Sometimes, the objective of the consultant is to implement a wellness program that will reduce the company’s overall healthcare costs; this is becoming increasingly common, now that the government gives companies a “reward” of sorts in the form of a discount on health insurance premiums, deductibles and other costs; the discounts may be up to 30 percent or more, especially if the programs are designed to help employees quit smoking. This is another development that was introduced in the wake of the Affordable Care Act, so we have been doing this for the past couple of years as companies have begun taking advantage of it.
Other times, the aim of the healthcare consultant or broker is to help its client companies find the best possible health plan for the organization. They take into consideration factors such as the size of the company, demographics of employees (i.e. women of childbearing age, older adults, etc.), in addition to data on the nearest providers. No matter the reason a company has brought in a healthcare consultant or broker, we can work alongside these outside professionals to help the company attain its goal. If your organization is working with a broker or consultant to choose the best health plan, implement a wellness program or accomplish some other healthcare-related tasks, contact GM&A to see how we can help.
Much has been said over the past couple of years regarding the employer’s obligation to provide healthcare benefits, underscored by the Affordable Care Act and the political push back surrounding it. While it may be true that the law has been helpful to some who did not previously have health care coverage, there are plenty who disagree once they log onto Healthcare.gov and see the high cost of the plans in their state exchanges.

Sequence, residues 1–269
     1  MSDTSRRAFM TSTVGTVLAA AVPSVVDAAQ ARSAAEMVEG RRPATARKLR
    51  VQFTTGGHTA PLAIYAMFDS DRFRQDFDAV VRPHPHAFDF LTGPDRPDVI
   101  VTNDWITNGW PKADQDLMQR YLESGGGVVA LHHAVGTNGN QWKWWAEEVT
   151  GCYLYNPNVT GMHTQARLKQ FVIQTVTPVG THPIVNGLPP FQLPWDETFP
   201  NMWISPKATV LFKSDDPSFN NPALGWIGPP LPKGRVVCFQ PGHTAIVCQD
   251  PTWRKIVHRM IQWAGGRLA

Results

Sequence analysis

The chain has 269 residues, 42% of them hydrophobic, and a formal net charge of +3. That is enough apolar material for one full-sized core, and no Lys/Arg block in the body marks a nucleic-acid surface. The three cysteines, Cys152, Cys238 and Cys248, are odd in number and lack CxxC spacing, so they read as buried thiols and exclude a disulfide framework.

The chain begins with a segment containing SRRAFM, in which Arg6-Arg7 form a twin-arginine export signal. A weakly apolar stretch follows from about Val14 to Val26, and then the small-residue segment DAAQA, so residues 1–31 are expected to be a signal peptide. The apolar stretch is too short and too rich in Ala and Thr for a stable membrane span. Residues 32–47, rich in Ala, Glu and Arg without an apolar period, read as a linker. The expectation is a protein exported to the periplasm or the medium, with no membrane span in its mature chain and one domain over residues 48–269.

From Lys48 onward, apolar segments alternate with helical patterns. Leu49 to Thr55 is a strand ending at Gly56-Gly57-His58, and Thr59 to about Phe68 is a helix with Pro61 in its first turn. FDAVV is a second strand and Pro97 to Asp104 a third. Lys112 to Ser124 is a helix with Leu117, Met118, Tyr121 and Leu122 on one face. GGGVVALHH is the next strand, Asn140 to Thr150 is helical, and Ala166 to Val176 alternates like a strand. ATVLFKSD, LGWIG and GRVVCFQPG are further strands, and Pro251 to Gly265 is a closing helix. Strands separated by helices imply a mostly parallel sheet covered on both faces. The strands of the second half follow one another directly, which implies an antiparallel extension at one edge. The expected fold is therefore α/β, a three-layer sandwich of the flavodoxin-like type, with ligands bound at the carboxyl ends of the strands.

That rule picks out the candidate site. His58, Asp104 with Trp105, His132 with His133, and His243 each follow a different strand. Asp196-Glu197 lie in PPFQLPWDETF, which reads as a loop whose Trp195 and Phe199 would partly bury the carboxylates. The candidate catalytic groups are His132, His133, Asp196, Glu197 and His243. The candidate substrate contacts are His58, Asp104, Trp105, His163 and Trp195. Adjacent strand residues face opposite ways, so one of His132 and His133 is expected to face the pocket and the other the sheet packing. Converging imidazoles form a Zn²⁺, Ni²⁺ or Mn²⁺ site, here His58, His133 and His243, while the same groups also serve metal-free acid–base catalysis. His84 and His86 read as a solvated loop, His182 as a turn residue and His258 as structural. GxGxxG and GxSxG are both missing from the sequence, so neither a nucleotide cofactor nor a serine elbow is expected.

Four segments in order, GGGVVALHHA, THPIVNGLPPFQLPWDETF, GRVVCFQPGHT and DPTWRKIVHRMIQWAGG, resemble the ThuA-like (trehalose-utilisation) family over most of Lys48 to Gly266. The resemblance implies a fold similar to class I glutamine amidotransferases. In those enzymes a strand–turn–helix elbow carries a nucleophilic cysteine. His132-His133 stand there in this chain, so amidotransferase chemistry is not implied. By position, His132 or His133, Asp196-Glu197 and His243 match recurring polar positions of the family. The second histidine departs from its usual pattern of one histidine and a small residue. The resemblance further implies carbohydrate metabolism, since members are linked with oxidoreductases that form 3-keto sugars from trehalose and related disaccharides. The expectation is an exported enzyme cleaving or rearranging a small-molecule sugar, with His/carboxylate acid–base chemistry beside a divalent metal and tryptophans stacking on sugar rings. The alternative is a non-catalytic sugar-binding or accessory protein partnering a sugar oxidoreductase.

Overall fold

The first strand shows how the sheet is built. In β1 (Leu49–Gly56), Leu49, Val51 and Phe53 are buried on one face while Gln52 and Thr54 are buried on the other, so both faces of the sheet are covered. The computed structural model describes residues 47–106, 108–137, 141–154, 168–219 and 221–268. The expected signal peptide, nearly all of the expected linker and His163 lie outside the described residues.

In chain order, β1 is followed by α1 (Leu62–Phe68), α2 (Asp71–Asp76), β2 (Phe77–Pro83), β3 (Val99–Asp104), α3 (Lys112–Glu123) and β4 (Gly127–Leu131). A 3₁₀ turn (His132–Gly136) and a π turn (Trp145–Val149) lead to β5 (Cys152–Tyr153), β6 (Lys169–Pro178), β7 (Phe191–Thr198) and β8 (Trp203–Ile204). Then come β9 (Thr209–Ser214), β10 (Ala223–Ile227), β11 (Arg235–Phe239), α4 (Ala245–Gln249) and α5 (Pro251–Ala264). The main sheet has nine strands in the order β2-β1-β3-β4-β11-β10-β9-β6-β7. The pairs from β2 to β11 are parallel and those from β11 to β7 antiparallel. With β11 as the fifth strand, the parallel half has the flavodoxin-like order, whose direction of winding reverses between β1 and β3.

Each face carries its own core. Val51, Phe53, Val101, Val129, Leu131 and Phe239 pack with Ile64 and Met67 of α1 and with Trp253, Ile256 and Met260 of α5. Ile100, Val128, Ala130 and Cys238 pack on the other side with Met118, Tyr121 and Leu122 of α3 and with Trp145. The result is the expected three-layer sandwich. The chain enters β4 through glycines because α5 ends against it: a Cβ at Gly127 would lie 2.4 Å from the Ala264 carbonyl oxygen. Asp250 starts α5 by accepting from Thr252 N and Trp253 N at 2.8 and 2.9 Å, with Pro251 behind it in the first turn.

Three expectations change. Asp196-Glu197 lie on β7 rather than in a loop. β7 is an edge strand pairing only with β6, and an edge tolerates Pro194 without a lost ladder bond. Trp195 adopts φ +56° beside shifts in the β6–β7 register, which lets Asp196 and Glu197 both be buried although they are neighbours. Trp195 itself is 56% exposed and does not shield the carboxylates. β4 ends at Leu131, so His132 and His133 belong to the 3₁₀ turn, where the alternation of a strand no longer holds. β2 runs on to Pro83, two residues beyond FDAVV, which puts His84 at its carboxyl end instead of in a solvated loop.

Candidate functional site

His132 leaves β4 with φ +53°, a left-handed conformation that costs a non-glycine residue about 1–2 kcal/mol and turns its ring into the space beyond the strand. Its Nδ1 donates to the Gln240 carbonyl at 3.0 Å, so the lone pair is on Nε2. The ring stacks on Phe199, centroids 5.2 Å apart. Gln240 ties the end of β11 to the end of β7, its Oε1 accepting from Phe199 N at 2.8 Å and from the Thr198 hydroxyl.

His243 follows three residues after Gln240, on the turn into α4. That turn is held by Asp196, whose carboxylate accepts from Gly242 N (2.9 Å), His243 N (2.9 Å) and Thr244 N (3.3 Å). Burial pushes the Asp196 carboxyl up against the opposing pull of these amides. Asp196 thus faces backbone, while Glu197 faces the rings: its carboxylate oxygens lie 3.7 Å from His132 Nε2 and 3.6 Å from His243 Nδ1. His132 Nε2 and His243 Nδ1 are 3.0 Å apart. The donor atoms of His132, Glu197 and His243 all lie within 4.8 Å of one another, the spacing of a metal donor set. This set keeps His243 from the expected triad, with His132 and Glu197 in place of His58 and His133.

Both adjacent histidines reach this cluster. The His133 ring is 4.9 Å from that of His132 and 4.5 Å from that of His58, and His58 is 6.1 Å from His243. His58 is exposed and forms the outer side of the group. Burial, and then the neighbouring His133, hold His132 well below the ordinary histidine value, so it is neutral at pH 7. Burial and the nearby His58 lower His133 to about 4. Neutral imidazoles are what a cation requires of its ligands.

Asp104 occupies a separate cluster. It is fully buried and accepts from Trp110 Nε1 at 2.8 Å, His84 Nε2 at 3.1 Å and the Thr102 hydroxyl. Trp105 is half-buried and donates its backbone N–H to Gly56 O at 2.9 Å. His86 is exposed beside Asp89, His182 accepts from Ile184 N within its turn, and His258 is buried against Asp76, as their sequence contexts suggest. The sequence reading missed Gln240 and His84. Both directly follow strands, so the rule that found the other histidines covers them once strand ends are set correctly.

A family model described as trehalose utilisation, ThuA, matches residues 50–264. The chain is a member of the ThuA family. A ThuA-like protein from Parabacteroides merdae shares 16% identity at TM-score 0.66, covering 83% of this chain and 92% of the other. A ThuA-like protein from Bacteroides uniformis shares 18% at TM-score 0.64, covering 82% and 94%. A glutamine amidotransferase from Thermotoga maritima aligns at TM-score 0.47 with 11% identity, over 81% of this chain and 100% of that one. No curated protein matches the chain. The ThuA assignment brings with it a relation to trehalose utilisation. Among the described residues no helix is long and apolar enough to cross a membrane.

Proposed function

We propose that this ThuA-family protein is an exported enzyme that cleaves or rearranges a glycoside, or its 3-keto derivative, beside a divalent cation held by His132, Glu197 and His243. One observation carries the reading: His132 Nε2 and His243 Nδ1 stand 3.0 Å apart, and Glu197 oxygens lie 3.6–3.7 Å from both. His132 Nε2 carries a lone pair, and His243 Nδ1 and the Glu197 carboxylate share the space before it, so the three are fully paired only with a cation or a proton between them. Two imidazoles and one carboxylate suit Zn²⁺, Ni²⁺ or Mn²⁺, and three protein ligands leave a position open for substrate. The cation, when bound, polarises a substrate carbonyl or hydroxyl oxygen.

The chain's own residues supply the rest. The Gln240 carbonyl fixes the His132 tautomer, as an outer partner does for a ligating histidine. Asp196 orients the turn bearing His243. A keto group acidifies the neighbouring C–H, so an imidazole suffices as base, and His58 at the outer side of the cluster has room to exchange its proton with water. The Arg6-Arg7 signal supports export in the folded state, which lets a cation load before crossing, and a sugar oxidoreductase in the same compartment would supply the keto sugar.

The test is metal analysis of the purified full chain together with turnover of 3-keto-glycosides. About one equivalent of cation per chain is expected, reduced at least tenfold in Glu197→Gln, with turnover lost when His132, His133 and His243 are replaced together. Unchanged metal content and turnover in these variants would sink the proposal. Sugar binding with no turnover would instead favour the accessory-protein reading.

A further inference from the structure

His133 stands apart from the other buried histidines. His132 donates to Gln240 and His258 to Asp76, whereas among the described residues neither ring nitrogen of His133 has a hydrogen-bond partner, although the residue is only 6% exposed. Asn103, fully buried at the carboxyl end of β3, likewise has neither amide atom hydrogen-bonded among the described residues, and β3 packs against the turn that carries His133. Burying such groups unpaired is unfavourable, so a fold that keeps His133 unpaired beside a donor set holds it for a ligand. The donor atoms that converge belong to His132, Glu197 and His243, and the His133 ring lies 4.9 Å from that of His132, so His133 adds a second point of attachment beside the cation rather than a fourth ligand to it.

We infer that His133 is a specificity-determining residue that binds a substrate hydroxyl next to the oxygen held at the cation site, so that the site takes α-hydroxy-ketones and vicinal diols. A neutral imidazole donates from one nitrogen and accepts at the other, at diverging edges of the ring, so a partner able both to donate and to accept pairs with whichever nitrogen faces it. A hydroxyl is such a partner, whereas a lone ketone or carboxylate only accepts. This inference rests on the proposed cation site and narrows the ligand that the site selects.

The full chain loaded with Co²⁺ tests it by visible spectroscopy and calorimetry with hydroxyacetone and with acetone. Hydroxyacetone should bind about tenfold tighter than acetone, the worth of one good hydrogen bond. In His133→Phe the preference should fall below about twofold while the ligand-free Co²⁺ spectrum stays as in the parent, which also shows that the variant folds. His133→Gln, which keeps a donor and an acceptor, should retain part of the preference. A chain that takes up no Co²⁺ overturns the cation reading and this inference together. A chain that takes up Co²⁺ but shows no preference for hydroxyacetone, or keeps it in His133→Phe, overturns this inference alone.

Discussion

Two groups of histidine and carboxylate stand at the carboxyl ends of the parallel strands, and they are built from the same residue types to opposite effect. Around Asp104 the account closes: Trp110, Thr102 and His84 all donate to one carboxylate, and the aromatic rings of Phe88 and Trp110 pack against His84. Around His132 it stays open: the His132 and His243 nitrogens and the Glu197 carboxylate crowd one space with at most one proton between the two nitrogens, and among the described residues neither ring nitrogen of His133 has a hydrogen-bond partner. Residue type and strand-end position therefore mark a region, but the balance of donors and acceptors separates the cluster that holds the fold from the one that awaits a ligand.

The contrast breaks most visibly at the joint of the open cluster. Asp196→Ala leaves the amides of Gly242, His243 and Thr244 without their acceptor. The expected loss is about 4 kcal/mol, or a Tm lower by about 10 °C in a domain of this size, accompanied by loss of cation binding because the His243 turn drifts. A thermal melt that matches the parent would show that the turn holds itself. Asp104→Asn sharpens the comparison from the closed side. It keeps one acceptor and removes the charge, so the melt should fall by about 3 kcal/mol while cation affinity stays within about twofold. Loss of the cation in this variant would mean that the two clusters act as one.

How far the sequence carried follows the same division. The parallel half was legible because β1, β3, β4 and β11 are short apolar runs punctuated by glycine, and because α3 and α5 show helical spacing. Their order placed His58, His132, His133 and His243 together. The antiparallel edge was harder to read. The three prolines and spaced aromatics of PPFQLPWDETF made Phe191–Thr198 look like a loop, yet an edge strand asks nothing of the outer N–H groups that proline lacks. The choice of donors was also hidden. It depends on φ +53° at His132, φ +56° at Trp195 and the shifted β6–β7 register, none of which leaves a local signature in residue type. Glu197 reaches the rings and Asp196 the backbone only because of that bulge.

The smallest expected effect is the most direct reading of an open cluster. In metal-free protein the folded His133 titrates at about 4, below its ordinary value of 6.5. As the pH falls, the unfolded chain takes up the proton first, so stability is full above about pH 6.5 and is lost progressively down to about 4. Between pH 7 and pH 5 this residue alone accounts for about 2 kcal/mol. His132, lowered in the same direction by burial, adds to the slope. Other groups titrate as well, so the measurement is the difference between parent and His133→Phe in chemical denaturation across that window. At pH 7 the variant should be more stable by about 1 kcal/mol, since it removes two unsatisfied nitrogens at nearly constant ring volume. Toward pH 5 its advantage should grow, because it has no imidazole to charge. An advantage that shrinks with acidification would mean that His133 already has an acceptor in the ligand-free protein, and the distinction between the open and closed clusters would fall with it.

For employers, the government offers an option in the Small Business Health Options Program (SHOP); however, many small business owners are also dismayed to find that the cost of taking advantage of the program is far higher than what they expected it to be. And for local government organizations, the cost is surprisingly higher.
Take our client, the Tyler Independent School District in Tyler, Texas. Tyler ISD wanted a healthcare coverage option for its 17 elementary schools, six middle schools and two high schools. The state plan cost was so high that some in the district feared layoffs would be necessary in order to make up for the cost of providing employees with healthcare – and this was back in 2001, when the economy was stronger and it would be years before the Affordable Care Act was in the picture.
Even then, we were able to negotiate significant discounts with a local provider network for the Tyler ISD health plan. According to district officials, these discounts have resulted in millions of dollars being saved by the school district in the years since the plan was enacted – and, as one spokesperson told us, “The benefits of the state plan are less than our benefits,” and they come “at a higher cost.”
Health care consulting is a service that has become absolutely necessary in 2014. If your business or local government organization is unsure how to cover employees affordably and comprehensively, contact GM&A to see what we can do for you.